The truth is we face many shared challenges: The pandemic and the resulting economic uncertainty. Climate change, cyber threats, and the resulting security concerns. And, of course, the outright assault on democracy that is occurring around the globe.
In the chaos of the crisis, Autocrats have become more destructive. Human rights abuses have multiplied. The rule of law that underpins our international order is under assault. Even basic truth, even basic facts, are being undermined by disinformation—chipping away at public confidence in our press and scientists, our courts and our elections.
I will never forget the horror and the heartbreak of January 6, 2021, when our United States Capitol, a beacon of democracy for so many, came under siege by a violent mob who refused to accept the results of a free and fair election. It is not enough to say we cannot let something like that ever happen again. We must commit and recommit our democratic principles and lead by example. We must reinforce our democratic institutions to deliver real results and instill trust.
There are barriers that stand in the way of doing that. Corruption is one such barrier.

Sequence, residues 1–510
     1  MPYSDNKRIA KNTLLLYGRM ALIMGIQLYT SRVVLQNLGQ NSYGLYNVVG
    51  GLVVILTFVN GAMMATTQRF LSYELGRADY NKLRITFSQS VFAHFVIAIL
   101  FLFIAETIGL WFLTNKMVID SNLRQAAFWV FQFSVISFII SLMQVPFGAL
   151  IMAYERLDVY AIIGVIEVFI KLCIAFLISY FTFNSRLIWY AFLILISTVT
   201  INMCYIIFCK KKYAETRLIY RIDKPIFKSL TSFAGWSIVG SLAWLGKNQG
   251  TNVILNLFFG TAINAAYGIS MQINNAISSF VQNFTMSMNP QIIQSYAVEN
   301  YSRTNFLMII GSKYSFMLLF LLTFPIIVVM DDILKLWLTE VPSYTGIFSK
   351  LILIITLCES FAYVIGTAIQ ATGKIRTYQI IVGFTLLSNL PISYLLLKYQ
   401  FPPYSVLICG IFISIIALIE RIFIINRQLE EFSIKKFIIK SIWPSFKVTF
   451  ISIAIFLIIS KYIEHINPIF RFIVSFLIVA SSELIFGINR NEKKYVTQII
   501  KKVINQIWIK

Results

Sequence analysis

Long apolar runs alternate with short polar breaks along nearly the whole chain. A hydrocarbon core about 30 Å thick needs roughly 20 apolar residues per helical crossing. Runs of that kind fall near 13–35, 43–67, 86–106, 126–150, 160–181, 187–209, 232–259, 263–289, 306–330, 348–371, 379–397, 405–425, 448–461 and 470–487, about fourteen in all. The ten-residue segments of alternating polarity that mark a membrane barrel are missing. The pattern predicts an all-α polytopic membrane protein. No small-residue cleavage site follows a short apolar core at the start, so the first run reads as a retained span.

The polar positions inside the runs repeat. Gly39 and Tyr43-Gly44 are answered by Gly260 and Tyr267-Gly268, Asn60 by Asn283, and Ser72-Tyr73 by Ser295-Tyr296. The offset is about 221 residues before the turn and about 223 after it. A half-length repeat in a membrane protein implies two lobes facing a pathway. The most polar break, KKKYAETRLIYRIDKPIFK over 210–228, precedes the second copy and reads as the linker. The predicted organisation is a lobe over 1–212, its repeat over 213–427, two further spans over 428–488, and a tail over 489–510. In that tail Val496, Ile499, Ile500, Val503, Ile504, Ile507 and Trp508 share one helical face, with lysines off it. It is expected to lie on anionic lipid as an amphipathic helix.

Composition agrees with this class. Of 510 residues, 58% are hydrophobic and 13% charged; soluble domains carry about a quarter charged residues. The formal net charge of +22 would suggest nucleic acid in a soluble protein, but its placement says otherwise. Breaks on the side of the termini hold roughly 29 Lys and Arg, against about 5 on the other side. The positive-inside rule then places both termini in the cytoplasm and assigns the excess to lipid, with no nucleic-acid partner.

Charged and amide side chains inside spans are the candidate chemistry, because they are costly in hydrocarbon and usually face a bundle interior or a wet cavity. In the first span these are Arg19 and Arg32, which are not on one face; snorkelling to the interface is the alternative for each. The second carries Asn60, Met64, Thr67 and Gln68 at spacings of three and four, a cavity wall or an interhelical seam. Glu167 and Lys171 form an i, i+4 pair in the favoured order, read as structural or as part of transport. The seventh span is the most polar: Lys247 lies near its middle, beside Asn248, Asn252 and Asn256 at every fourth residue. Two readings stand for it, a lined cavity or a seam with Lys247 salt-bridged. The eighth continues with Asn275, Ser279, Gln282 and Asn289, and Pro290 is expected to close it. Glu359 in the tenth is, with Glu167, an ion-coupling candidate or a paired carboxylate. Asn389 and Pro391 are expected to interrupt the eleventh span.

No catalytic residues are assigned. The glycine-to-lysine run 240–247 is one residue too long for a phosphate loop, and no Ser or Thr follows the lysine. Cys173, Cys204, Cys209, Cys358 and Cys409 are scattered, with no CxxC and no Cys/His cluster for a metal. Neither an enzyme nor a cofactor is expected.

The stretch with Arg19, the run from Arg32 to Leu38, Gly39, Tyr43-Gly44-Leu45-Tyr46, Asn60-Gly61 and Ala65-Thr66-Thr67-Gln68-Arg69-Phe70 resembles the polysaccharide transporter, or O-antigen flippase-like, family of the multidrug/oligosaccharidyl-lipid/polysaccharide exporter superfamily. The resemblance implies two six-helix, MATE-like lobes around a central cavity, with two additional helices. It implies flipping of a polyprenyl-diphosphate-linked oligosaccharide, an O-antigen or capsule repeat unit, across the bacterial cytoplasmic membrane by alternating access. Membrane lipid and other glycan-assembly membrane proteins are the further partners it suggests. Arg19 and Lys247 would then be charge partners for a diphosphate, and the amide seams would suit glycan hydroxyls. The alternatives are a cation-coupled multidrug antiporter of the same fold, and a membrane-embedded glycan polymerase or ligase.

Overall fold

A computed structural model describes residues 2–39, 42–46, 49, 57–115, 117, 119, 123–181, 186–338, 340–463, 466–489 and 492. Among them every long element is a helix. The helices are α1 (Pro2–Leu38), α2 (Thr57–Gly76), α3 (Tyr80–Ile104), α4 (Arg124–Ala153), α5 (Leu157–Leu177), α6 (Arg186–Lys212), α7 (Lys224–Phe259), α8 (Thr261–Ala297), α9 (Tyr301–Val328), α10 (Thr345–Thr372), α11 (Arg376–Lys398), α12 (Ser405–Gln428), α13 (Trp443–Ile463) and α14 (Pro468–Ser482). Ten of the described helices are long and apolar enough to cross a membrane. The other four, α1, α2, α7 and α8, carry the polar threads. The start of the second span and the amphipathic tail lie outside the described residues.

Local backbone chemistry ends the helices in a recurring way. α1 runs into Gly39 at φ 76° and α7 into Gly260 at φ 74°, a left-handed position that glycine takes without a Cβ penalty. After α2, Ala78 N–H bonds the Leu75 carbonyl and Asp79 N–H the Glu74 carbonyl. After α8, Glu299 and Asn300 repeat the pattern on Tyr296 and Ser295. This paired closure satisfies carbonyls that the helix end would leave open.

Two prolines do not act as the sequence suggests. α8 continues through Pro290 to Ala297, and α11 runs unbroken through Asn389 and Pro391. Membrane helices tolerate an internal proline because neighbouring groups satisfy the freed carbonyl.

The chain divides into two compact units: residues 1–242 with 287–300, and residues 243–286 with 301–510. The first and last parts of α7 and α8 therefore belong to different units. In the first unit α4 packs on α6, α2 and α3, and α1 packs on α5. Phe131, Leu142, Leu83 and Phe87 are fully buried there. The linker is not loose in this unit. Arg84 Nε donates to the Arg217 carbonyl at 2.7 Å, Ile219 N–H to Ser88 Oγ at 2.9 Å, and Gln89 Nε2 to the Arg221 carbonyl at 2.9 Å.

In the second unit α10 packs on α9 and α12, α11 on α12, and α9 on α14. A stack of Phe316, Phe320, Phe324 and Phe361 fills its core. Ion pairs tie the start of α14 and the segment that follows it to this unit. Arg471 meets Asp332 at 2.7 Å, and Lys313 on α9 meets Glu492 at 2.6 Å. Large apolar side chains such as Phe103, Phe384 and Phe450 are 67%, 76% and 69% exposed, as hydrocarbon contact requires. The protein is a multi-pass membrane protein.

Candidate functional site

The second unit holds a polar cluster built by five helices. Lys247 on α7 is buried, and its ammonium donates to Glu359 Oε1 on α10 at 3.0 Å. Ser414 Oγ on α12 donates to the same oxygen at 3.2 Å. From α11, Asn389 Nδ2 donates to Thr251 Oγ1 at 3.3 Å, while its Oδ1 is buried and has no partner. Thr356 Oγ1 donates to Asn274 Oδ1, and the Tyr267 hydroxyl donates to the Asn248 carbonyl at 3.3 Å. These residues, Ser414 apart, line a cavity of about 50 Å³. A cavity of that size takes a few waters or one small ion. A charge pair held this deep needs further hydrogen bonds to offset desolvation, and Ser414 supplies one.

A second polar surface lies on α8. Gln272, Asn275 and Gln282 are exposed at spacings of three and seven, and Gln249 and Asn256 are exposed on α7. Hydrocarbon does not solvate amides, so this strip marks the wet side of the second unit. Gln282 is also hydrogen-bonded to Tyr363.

Corruption causes the people to suffer. It stands in the way of progress. It stands in the way of hope.
Corruption can keep people from going to the doctor, sending their children to school, opening a small business, getting a fair trial. Corruption corrodes public trust and drives away investment. It compels migration. It causes violence. And it cannot stand. This month, we announced that for the first time ever, our Administration is designating the fight against corruption a core U.S. national security interest. Together with our allies, civil society, and the private sector, the United States will prioritize the fight against corruption to preserve democracy.
The fight against corruption is a fight won through accountability, through transparency. It is a fight won through strengthening the rule of law and also through the promotion of human rights.
Our democracies cannot be sustained when people are denied their rights, their freedom, their dignity. We must reckon with the injustices of the past and confront those that still persist.
A democracy’s strength depends on its ability to protect against injustice. When we make it possible for more people to fully participate, we improve communities, we improve countries, we improve our world. And that is why, wherever, whenever human rights are violated, we must stand together.